Secretary of Transportation Ray LaHood Leaves a Legacy

Ray Lahood/ Department of Transportation/Public Domain

When Ray Lahood became Transportation Secretary in 2009, I wrote Fox Guarding Henhouse Dept: Congressman from Caterpillar to Be Secretary of Transportation. In it, I complained that the former Congressman from Peoria was too closely tied to the world's largest manufacturer of roadbuilding equipment: " When you look under LaHood, you find he's Cat-Powered."

A year later, I was eating my words, after his announcement:

Today, I want to announce a sea change. People across America who value bicycling should have a voice when it comes to transportation planning. This is the end of favoring motorized transportation at the expense of non-motorized.

True to his word, he backed significant increases in fuel economy, and was, as Peter Lehner notes at NRDC Switchboard, "an unexpected champion of green policies."

He poured investments into public transportation infrastructure, supported the development of livable, walkable communities, and emphasized regional cooperation on transportation alternatives through innovative, competitive grant programs. His focus on infrastructure helped shift the DOT’s priorities away from traditional highway-building and toward creating a more flexible, efficient, interconnected 21st-century transportation system—one that will help reduce our dependence on oil, improve air quality, and cut global warming pollution.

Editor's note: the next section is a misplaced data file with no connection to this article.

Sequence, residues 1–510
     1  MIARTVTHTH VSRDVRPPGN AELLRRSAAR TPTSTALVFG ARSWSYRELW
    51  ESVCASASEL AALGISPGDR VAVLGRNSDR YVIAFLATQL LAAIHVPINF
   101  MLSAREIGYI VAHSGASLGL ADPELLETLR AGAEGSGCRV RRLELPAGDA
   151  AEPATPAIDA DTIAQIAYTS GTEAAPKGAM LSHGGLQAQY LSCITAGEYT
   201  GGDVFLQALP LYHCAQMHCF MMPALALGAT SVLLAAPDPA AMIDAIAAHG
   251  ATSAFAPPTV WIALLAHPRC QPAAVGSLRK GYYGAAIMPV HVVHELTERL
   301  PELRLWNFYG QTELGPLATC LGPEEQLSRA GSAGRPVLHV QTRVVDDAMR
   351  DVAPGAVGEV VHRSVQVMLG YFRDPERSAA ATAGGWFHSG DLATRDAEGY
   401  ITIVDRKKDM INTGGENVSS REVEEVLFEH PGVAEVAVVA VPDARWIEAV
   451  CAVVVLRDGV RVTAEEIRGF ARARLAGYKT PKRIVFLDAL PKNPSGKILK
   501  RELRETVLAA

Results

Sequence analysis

He was a big supporter of rail, public transit and access to public housing. In an impressive Accomplishments Overview, The DOT writes:

Livable and sustainable communities have also been a focus of DOT over the past four years – putting all travelers on equal footing, whether they get behind the wheel of a car or put on a pair of walking shoes. DOT has supported states and communities in their efforts to give citizens a wider array of transportation options, including high speed and intercity passenger rail, streetcars and comprehensive walking and biking paths.

His successor will have big walking shoes to fill.

Tags: Transportation | Washington DC

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